The graphite material to be used for the production of a ternary graphite intercalation compound according to the present invention may be any of a natural graphite and a artificial graphite which can be obtained by subjecting petroleum coke or the like to heat treatment. The size of the graphite material is not critical. There may be employed a flaky or powdery graphite having a size of about 20 to 50 meshes or not less than 50 to 400 meshes or more (Tyler). Meanwhile, in case a block-shaped graphite is desired, there may be used a material which can be obtained by a process which comprises contacting a hydrocarbon such as methane, propane, benzene and/or acetylene with a substrate (generally, made of an artificial graphite) heated at approximately 2,100 C. to pyrolyze the hydrocarbon and to deposit the resulting graphite material on the substrate, and subjecting the deposited graphite material to heat treatment. Block-shaped graphites having defferent graphitization degrees are obtained according to the heat-treatment temperature. When the heat treatment is effected at about 2,400 C., there is obtained a pyrolytic carbon. When the heat treatment is effected at about 2,600 C. to 3,000 C., there is obtained a pyrolytic graphite having a high crystallinity as compared with that of a pyrolytic carbon.

With respect to the production of a ternary graphite intercalation compound of the formula Cx F(AlF3)y or Cx F(MgF2)y by contacting a graphite material with AlF3 or MgF2 in an atmosphere of fluorine gas at a temperature of 0 C. to 400 C. for at least a period of time to effect a weight increase in the graphite, the desirable reaction conditions are as follows. The fluorine pressure is not critical, but may usually be 0.5 to 10 atm. For Cx F(AlF3)y, the reaction temperature is 0 to 400 C., preferably 15 to 370 C. For Cx F(MgF2)y, the reaction temperature is 0 to 400 C., preferably 15 to 350 C. As described before, to obtain the composition of the formula Cx F(AlF3)y or Cx F(MgF2)y having desired values of x and y, the reaction time depends on the crystallinity and c-axial thickness of a graphite material and the reaction temperature. But, the reaction time generally is 1 hour to 10 days and more usually 1 day to 8 days. The weight amount ratio of a graphite material to a metal fluoride, namely, AlF3 or MgF2, depends on the desired stage number of the ternary graphite intercalation compound, but generally 1:0.4 to 1:10. With respect to the reaction conditions, it is noted that when the temperature of the reaction system is elevated to a temperature higher than 100 C., a weight increase in the graphite is observed during the course of cooling of the once heated reaction system at the time when the temperature becomes below 100 C. When the c-axial thickness of a graphite material is more than 1 mm, the product tends to be of the 2nd stage or higher stage rather than of the 1st stage. In order to obtain the 1st stage compound, it is generally preferred to employ a graphite material having a thickness (c-axis direction) of up to 0.8 mm.

After completion of the reaction, if the temperature of the reaction system has been elevated to a temperature higher than room temperature, the reaction system is cooled to room temperature. The metal fluoride, i.e., AlF3 or MgF2 remaining unreacted is separated by means of a sieve or a pincette to obtain the desired ternary graphite intercalation compound of the formula Cx F(A13)y or Cx F(MgF2)y.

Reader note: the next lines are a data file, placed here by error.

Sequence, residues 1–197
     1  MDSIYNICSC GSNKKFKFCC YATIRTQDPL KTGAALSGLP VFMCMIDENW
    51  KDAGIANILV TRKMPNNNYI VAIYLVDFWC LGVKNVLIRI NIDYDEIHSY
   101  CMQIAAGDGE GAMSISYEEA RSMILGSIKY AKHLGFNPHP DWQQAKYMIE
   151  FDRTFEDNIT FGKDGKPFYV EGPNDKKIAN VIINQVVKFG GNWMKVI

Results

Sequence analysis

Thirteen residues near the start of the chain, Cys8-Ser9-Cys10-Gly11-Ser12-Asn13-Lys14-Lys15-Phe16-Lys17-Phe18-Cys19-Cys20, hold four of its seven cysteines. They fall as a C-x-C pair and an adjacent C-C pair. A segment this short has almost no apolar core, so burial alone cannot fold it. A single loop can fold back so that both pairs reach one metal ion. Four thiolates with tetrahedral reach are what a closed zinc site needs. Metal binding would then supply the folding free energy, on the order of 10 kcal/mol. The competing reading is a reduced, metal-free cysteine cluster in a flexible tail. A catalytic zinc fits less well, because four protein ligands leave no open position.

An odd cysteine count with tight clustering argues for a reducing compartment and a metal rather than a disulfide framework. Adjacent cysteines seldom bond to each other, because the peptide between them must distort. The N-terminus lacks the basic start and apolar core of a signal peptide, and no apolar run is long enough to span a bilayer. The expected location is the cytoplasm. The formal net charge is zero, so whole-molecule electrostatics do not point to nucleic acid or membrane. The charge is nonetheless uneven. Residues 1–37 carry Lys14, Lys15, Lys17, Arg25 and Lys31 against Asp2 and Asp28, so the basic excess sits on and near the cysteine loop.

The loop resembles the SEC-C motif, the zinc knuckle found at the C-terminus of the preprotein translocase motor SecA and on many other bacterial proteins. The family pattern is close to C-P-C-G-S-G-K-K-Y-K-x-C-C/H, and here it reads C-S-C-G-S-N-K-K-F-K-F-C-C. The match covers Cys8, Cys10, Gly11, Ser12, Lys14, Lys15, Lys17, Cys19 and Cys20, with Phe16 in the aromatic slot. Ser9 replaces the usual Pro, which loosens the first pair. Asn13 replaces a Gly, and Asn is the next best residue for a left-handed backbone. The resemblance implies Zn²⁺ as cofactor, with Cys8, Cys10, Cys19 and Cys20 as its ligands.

The indentity periods (Ic) of Cx F(AlF3)y are 9.4 to 9.5 Å, 12.8 to 12.9 Å, 16.1 to 16.2 Å and 19.5 to 19.6 Å for the 1st, 2nd, 3rd and 4th stage compounds, respectively. The identity periods (Ic) of Cx F(MgF2)y are 9.3 to 9.4 Å, 12.7 to 12.8 Å, 16.0 to 16.1 Å and 19.4 to 19.5 Å for the 1st, 2nd, 3rd and 4th stage compounds, respectively. With respect to the ternary graphite intercalation compounds of the formula Cx F(AlF3)y, the 1st stage compounds are bluish black to black in color, and the 2nd, 3rd and 4th stage compounds are black in color. With respect to the ternary intercalation compounds of the formula Cx F(MgF2)y, the 1st, 2nd, 3rd and 4th stage compounds are black in color. All the ternary graphite intercalation compounds of the formula Cx F(AlF3)y or Cx F(MgF2)y according to the present invention are very stable so that, even after exposure to air for several weeks or immersion in water overnight, any changes are not observed in their X-ray diffraction patterns.

The results of elementary analysis and X-ray diffraction of some forms of the present ternary graphite intercalation compounds of the formulae Cx F(alF3)y and Cx F(MgF2)y are shown in Table 1.

              TABLE 1______________________________________   Elementary            X-ray diffraction data (Cu--Kα)Compound  analysis (%)                2θ()                        d(Å)                              (00l) Ic (Å)______________________________________C8 F(AlF3)0.15     C:75.4     9.38    9.42  001slightly             18.70   4.74  002   9.44bluish black     F:21.5     28.44   3.14  003   0.04                48.42   1.88  005     Al:3.1     58.90   1.57  006C6 F(AlF3)0.15     C:69.3     9.72    9.09  001bluish black         18.98   4.67  002   9.40     F:26.7     28.32   3.15  003   0.06                48.7    1.87  005     Al:4.0     59.26   1.56  006C17 F(AlF3)0.45     C:78.4     9.60    9.20  001black                18.94   4.68  002   9.50     F:16.9     27.80   3.21  003   0.14                47.4    1.92  005     Al:4.7     58.0    1.59  006C9 F(MgF2)0.08     C:82.4     9.48    9.32  001black                19.04   4.66  002     F:16.2     28.38   3.14  003   9.37                43.38   1.88  005   0.06     Mg:1.4     59.00   1.56  006C2 F(MgF2)0.14     C:75.2     9.38    9.42  001black                18.94   4.68  002     F:21.8     28.28   3.15  003   9.41                49.0    1.86  005   0.05     Mg:3.0     58.90   1.57  006C5 F(MgF2)0.10     C:71.3     9.50    9.30  001black                19.10   4.64  002     F:26.0     28.48   3.13  003   9.34                42.42   2.13   100* 0.05     Mg:2.7     48.9    1.86  005                59.2    1.56  006______________________________________ Note *a peak due to graphite fluoride